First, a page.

[Avodah] Rambam, Moreh Nevuchim (2:29), A Strange Passage about Miracles

H Lampel via Avodah avodah at lists.aishdas.org
Tue Jul 7 14:44:16 PDT 2015

In Moreh Nevuchim, 2:29, the Rambam seems to disparage a talmudical
position about miracles that he had endorsed in his prior works
(Commentary on Avos 5:6 and Shmoneh Perakim chapter 8). This, despite
the fact that in the Moreh, he refers the reader to these former works to
understand his position about miracles. And to further confuse matters,
in the Moreh itself, within just a few sentences, he goes on to laud
the proponent of that very positionfor maintaining it!

The position is that already during the Creation week, G-d instilled,
in objects and forces of nature, the potential for the aberrant behaviors
that He would unleash when appropriate. (I.e. the aberrant behaviors were
not changes G-d first decided upon, created and imposed upon things at
the time the miracles were witnessed.)

The Moreh Nevuchim introduces the concept with the words: "Our Sages said
things zarrim m'od as regards miracles." "zarrim m'od" is Ibn Tibbon's
Hebrew translation. Narboni and Schwartz use the similar "muzarrim, and
likewise, Friedlander and Pines, in their English translations, translate,
"very strange." KPCH translates, "temuhim" (astonishing). They all seem
to indicate that the Rambam shunned the idea.

Yet, as I noted, just a few sentences later, the Rambam lauds the Tanna
who expressed the thought:

    [T]his text...demonstrates the [high] level of the speaker, and
    its being very difficult in his eyes that Nature could change
    after Creation, or that G-d's Will would change after it had been
    established. He therefore reasons, for example, that G-d instilled,
    in the nature of Water, the [property of] sticking together and always
    flowing in a downward direction, except for that time in which the
    Egyptians would drown in them; those specific waters would split.

    I have already enlightened you as to the main idea of the [talmudic]
    statement [KPCH in a footnote sees this as a reference to the Rambam's
    commentary on the Mishnah and Shemoneh Perakim], and that it is all
    meant to flee from [the idea that, after Creation, G-d would bring
    about] the new creation of anything.

    It says there: R. Yonathan said, G-d placed stipulations on the sea,
    that it should divide before the Israelites. Thus it says, "And the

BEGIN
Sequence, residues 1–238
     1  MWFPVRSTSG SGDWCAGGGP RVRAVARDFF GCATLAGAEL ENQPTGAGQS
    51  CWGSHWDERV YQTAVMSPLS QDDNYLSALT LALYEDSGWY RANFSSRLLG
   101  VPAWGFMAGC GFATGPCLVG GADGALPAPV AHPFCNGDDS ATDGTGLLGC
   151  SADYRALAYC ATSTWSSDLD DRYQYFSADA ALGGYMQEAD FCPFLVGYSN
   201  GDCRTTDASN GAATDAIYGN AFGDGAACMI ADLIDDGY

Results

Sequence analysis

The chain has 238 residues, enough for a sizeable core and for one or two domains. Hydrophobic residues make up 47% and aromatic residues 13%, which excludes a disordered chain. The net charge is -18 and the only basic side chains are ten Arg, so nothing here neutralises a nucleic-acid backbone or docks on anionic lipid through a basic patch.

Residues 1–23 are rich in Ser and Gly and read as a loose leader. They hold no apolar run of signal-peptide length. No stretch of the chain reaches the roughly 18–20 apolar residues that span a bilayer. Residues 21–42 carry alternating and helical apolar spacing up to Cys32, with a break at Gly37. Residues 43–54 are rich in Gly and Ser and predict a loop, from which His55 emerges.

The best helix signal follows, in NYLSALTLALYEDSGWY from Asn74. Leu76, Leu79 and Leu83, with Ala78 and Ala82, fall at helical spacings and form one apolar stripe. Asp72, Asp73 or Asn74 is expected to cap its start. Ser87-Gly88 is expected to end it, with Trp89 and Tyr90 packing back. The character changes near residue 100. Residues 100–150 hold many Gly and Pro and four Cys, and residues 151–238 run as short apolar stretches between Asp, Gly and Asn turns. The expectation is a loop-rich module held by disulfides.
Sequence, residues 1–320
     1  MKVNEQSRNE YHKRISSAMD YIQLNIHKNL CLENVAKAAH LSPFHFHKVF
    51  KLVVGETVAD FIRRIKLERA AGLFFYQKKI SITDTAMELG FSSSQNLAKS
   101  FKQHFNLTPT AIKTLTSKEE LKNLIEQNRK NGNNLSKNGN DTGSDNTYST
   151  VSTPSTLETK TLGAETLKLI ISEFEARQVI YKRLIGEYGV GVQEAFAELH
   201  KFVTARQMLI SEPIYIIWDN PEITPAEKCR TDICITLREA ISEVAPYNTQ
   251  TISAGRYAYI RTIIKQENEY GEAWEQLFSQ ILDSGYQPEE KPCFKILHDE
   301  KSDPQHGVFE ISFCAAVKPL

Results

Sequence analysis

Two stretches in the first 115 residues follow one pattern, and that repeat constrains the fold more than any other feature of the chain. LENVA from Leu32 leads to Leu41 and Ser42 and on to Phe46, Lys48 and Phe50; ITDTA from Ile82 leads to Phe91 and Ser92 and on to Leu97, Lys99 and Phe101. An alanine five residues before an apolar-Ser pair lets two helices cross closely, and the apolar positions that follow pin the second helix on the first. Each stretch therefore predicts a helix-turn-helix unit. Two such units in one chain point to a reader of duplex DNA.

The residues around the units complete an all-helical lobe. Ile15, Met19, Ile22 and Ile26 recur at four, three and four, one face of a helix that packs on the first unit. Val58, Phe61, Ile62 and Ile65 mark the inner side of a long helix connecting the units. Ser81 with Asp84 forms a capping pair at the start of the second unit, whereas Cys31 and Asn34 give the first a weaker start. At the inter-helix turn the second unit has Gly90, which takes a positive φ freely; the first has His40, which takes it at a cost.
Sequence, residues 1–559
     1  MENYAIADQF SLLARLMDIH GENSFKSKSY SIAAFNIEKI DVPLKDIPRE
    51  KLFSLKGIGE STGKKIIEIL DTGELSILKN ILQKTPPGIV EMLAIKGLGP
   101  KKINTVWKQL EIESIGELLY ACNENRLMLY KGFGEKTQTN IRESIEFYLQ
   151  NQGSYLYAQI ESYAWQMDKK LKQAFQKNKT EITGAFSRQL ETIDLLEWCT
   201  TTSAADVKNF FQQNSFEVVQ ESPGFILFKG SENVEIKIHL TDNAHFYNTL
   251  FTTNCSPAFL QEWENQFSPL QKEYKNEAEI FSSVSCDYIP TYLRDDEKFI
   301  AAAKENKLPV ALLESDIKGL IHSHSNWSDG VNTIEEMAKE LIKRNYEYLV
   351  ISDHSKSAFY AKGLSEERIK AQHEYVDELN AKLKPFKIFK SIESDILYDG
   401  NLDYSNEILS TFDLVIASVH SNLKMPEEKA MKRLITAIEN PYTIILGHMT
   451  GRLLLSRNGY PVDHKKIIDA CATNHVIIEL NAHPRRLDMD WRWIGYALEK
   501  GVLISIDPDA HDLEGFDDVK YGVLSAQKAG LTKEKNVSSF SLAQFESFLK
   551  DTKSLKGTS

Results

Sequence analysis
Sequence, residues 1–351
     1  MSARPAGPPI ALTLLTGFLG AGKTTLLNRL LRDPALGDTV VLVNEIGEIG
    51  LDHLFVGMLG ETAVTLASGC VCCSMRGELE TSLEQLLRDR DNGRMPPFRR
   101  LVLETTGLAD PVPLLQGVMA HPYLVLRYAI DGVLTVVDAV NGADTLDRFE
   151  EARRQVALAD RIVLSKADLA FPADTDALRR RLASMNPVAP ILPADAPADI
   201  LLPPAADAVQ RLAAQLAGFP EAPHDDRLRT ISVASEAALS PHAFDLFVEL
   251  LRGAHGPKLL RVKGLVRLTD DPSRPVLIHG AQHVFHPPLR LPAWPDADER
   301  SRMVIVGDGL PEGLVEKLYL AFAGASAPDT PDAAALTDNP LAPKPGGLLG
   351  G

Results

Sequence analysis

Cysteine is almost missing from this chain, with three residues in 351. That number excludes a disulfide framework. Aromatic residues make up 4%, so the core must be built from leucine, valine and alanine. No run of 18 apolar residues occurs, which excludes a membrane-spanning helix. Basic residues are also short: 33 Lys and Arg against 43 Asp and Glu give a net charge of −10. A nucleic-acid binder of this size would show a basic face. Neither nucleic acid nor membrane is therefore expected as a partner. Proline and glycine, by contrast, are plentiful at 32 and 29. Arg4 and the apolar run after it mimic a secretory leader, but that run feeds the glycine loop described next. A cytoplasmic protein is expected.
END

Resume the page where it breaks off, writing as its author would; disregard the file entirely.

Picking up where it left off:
sea returned, when the morning appeared, l'ay-sa-no [to its strength,
    or to its stipulated nature]"(Sh'mos 14:27). R. Yiremiyah ben Elazar
    said: Not only with the sea did the Holy One, blessed be He, place
    stipulations, but with all that has been created in the six days
    of Creation. "My hands stretched out the heavens, and all their
    hosts I commanded" (Yishayahu 45:12): I commanded the sea that it
    will divide, the fire that it should not harm Hananiah, Mishael,
    and Azariah, and the lions that they should not harm Daniel, and
    the fish that it should spit out Jonah."

The same is to be applied to all the other miracles.

The surprising solution to this problem is really quite simple. I
noticed that in Moreh 1:70 (p. 106 in the classic version, line 2),
Pines translates a certain phrase as "strange but true."But both Ibn
Tibbon and Schwartz translate it, "ha-inyanim ha-mufla-os ha-n'chonos,
("matters wondrous but true/correct").

Hmmm. One Arabic scholar translates a word as "strange," while others
translate it as "wondrous." I began to sense how the same word could
be used both ways, and I suspected it might also be the same word as in
our passage in 2:29.

Without mentioning my problem about the Rambam's self-contradiction
(to keep the issue unbiased), I asked R. Yakov Wincelberg, translator of
Avraham ben HaRambam's Sefer HaMaspik from Arabic to English, what the
actual Arabic word there is, and if it's the same word in our passage
in 2:29.

Here is his reply:

    In both cases, the word griva is used. It doesn't mean specifically
    "weird," but something that stands out. It could be: extraordinary,
    wondrous, amazing, rare, peculiar, uncommon, obscure, etc. It even
    is used for emigrating from one's country, as one is separating from
    the people.

In other words, the word means "outstanding." So, true, one tends to
understand the translation "zar" or "strange" to be meant in the sense of
"weird," or "foreign," indicating that in the Moreh the Rambam considered
the "front-loaded" miracle an idea to be shunned--contra the Gemora,
his Avos commentary, and his Shemoneh Perakim. But the simpler truth is
that the Rambam consistently endorsed this view, and considered it to
be an outstanding one.

One need only realize that Ibn Tibbon titles his dictionary of unfamiliar
philosophical terms,appended to his Moreh Nevuchim translation, "Payrush
Me'Hamillot Zarot," The word Zar indicates something unfamiliar, but
not necessarily "strange" in the sense of "weird." And it can also mean
something that is wondrous and true.

Zvi Lampel

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